The road from pay TV bundles to streaming live sports is, and will be, bumpy
Feeling confusion and consternation about the state of sports television? Join the club. Sports and media executives are right there with you.
No one really knows how this is going to play out over the next five or 10 years, short of a time traveler visiting from 2030.
(If it’s Biff Tannen, tell him to bring me an extra copy of Grays Sports Almanac.)
But we do know one thing for certain: The sports media business as people under age 50 or so have known it for their entire TV-watching lives is not an option.
The evidence is all around us.
Fans got a taste last baseball season, when trying to figure out where to watch the Yankees was like a game of “Where’s Oswaldo Cabrera?”
Then came news this week that MSG Networks will debut a direct-to-consumer service this summer, at last providing a detour past the traditional pay TV bundle.
The YES Network is expected to announce a similar plan soon, and eventually so will everyone else in the business.
It is just one part of the tectonic shifts roiling the industry.
This topic is best addressed by business school professors and trade publications, but let’s attempt a superficial, oversimplified primer here:
For the past 40 years or so, the “dual revenue stream” that allowed national and local outlets to both charge and sell advertising for content was a gold mine.
The price distributors paid for live sports rose over those decades, but the cost to sports fans was mitigated by non-sports fans also paying for expensive sports channels.
Call it TV socialism.
In effect, we subsidized their ability to watch HGTV for a reasonable price, and they did the same for us with ESPN – which is vastly more expensive.
The system worked well, and still does, for multi-person families with diverse interests. Not so much for single folks whose taste in Judges runs more toward Judy than Aaron.
Many – you can’t see me, but I’m raising my hand – called for a fairer and more rational system with more a la carte options, but that mostly was a non-starter.
Things began to change over the past decade with the rapid growth of streaming options that require only an internet connection, not a cable box or satellite dish.
Finally armed with the technology to do so, non-sports fans began to drift from pay TV bundles, and younger consumers never adopted bundles in the first place.
Some distributors have pushed back against even carrying certain costly regional sports networks (as the likes of YES, SNY and MSG are known in the business), figuring that those who don’t care outnumber those who are upset enough to bolt.
The net result is a crisis in the RSN business, with Sinclair’s many Bally channels near bankruptcy and Warner Brothers Discovery set to ditch RSNs altogether.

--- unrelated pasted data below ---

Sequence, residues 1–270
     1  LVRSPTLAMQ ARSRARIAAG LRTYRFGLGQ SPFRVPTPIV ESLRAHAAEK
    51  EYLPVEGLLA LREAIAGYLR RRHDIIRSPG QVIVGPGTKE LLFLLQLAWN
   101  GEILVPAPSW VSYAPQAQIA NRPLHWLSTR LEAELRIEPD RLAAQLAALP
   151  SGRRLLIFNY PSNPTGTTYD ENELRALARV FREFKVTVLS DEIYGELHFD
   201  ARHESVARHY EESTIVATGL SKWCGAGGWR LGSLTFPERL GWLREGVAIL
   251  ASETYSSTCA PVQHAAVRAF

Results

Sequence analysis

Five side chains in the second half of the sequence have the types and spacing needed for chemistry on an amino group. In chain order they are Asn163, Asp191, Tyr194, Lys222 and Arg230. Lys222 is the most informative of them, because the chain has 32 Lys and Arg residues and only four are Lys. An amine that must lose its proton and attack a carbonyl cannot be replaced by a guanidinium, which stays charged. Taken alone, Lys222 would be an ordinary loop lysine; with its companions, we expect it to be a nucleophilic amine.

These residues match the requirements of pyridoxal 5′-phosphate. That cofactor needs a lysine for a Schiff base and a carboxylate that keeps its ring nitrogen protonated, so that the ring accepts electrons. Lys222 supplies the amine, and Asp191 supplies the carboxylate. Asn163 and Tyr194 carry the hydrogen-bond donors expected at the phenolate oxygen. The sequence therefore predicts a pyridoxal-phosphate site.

There is still too much money to be made in bundles to abandon them yet, so for most avid sports fans – especially in New York – the status quo mostly will hold for a while.
But sports leagues and media companies are scrambling to adapt to a new reality and hunt down viewers (and their wallets) where they actually live.
In the short term, this is causing a massive disruption, and is costing fans money, as in the Yankees’ new YES/Fox/ESPN/Apple TV/Amazon Prime/Peacock world.
To put a kind spin on it, this is an unavoidable transition period that will require everyone’s patience. To put it more realistically, it’s a mess!
MSG’s $29.99 per month asking price for its streaming service – the same NESN charges for the Boston Red Sox and Bruins – is intentionally aggressive.
Remember, this stuff still is mostly experimental, including the pricing.
And if direct-to-consumer costs are set too low, it could undermine the pay TV bundle, which for years has been kept afloat largely by its exclusive sports content.
Fans in cities with struggling RSNs need not worry about games going away.
Leagues, notably Major League Baseball, cannot and will not allow that to happen. So MLB figures to step in in places such as Pittsburgh, regain digital streaming rights for itself, and figure out the economics later.
But those economics are a key point. While it is true that sports fans now must pay their own way after losing non-sports fans’ involuntary contributions, they still have the power to say no.
For those who slept through ECON 101, if no one pays the going rate for this stuff, prices eventually will come down.
And if prices eventually come down, owners and players eventually will extract less money from your pocket to be deposited into theirs.
By 2030, we will have a far better sense of the winners and losers in this high-stakes game. But from here to there, it will be a rocky, unsettling road.
It already is.